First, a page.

Figure 5; a. an example of recorded signal b. the signal wavelet transform c. mean side look of the wavelet transform Facilitate the SVM training the data, they were subdivided into 4 categories based on the distance between transmitter and receiver. For each category, a separated SVM was trained. We used the wavelet transform to create a measurement of discriminative properties from the signal. First, the input signal was transformed using the Moral function in scales of 1 to 20. Following that a mean function was implemented, which reduced the 3D wavelet transform into 2D space, as seen in Figure 5c.

Figure 5. a. an example of recorded signal b. the signal wavelet transform c. mean side look of the wavelet transform.

The input signals were classified into 4 categories depending on the length between transmitter and receiver. Each length, noted 1-4, was trained separately but used the same feature as a basis for classification, as shown in Figure 4. In the first stage, a wavelet transform was applied to all recorded signals, as illustrated in Figure 5. The wavelet function used was the Morel function with a scale range of 1-20. In the second stage, the wavelet transformed signals were mean-averaged across the scale axes resulting in a two-dimensional plot amplitude/time. After further examination of this plot illustrated in Figure 6 it is clear that while the signal that passed through a plate showed the same wavelet characteristics, even in different orientation; i.e., all signals of length 4 that were recorded showed the same wavelet profile independent of their orientation on the plate. The wavelet profile of a signal that has gone through a delamination is usually altered, mainly in the distance between the first high peak and the second high peak corresponding to different wave modes S0 and A0 as Figure 6 shows.

Figure 6: Differences Between Wavelet of Normal Signal and a Delamination Signal

Following this observation, a distance function was established between the peaks as Figure 7 shows. Distance measurement of the wavelet profile was the main classifier the SVMs were trained on.

Figure 7: Feature of Distance Description on the Wavelet Transform.

Validation of the location of delaminations and the integrity of the plates was verified by an independent Air-scan Saar Radar [13]. As seen in Figure 8, Figure 9 illustrates a side view of the delamination.

Figure 8: Air Scan of the Panel Showing the Delamination

Figure 9: Illustration of a Delamination in a Composite Material.

This configuration of the SVM yields good results in detecting whether a signal is affected by a delamination and can be easily adopted for different types of plates.

Image Reconstruction

Natural Neighbor Interpolation

As introduced by Sibon, natural-neighbor interpolation enables completing a scatter map of data into a more dense/continuous map by sampling values from a neighbor’s point taking into account the density and distance between data. Using this method yields better and smoother results when reconstructing the points into a map. Natural neighbor-interpolation works as follows, for a set of points denoted as X = [x1,....,xn] where xi are points each having a corresponding value v1, n order to add a new point xp with an unknown value vp that we wish to interpolate, first a Voronoi diagram of our data points X is constructed denoted as D. Than a new Voronoi diagram is constructed including the new point X'={X U xp} denoted as, Dp. Figure 10 shows the difference between such diagrams. For each of the diagrams, Dp ,D, we mark the volume and area of every cell corresponding to a point with Cx for points from D and Cx DP for points from Dp.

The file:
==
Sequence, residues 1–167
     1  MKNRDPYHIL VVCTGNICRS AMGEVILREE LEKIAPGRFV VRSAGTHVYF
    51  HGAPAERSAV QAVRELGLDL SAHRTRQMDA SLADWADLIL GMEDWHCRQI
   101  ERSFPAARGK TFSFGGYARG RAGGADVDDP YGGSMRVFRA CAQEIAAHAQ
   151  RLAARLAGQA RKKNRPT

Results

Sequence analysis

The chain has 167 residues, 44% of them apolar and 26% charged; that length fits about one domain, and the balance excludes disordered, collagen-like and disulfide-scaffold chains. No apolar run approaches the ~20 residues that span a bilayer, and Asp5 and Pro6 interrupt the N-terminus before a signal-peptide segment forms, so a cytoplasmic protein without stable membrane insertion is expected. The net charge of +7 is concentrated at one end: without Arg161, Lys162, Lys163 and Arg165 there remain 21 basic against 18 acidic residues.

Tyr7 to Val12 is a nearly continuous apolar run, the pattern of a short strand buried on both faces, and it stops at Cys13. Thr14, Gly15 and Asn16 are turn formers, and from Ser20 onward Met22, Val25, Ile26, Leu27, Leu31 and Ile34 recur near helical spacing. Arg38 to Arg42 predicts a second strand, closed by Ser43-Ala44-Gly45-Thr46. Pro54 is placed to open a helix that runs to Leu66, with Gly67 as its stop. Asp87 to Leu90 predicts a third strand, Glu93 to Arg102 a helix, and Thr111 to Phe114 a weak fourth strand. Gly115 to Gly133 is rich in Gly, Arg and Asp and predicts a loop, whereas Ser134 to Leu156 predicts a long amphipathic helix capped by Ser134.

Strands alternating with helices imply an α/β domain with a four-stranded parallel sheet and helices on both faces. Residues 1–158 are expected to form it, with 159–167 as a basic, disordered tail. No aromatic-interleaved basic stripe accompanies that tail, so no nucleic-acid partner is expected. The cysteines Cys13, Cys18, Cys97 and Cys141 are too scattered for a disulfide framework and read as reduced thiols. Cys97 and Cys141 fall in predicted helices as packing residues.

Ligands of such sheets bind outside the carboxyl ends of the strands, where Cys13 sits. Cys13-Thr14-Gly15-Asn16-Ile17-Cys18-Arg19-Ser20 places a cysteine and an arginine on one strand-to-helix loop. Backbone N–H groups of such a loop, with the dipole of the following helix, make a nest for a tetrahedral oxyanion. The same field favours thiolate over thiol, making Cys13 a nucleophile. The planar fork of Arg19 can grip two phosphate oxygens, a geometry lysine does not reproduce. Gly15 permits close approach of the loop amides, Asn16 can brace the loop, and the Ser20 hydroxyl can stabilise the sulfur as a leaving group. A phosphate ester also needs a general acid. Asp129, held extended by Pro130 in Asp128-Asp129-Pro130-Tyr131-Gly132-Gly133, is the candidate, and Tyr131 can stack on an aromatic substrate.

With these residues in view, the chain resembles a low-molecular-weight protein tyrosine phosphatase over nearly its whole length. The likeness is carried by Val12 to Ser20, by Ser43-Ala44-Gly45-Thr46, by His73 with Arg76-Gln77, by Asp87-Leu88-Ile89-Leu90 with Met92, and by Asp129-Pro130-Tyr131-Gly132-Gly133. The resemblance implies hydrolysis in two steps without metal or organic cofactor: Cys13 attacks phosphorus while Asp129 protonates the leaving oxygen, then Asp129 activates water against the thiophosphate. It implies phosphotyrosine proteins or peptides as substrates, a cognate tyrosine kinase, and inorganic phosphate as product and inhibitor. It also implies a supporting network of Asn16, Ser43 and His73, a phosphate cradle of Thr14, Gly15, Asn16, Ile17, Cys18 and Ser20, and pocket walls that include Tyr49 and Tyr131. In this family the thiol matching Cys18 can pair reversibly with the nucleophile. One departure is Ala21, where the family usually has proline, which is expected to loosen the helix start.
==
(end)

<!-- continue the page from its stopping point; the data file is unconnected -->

Now for each neighboring points of the new point xp; i.e., the points xp share a border with, we can calculate approximate weight by the relation between of the volume of a cell in the old diagram D and the new diagram Dp

The calculated estimated value of point xp based on its neighbors is given by the values of the points weighted by the proportion of crossing volume.

Figure 10: Illustration of the cover areas between old Voronoi graph and the new volume created by adding a new point. All axis are pixel, each pixel is ~ 1mm.


Following this concept, we take the recorded “image” from the sensors and construct a map. The transmitter sensor is denoted T while the receiving sensors are denoted R1−7 as illustrated in Figure 3.

By implementing the decision algorithm upon the signal recorded by sensor Ri that can identify whether or not a delamination interrupted the propagating Lamb Waves created by sensor T, a tomography map can be synthesized. Figure 11a illustrates the connection between each sensor pair. It can be seen that there are intersecting points in the graph that are created from the crossing of 2 sensor pairs or more at the same geometrical point. These points are shown in Figure 11b, the intersection points are of high value to the tomography reconstruction due to its reduction of individual decision errors. By considering multiple classifications of the signal that were propagated, it projects a delaminationcontaining area. The certainty of that geometric point as a delamination containing area is greater than having to rely on a single classification of the signal.

Figure 11: a. The sensors intersection lines for each pairs. b. a map showing the bins in relation of the sensors.

A Bin is created for each geometric crossing point of an edge. For an 8-sensor circle graph there are 48 relevant bins noted as BINk. Every bin BINk is associated to a pair Ti − Rj if the line between the sensors includes the geometric point matching BINk, as shown in Figure 2b.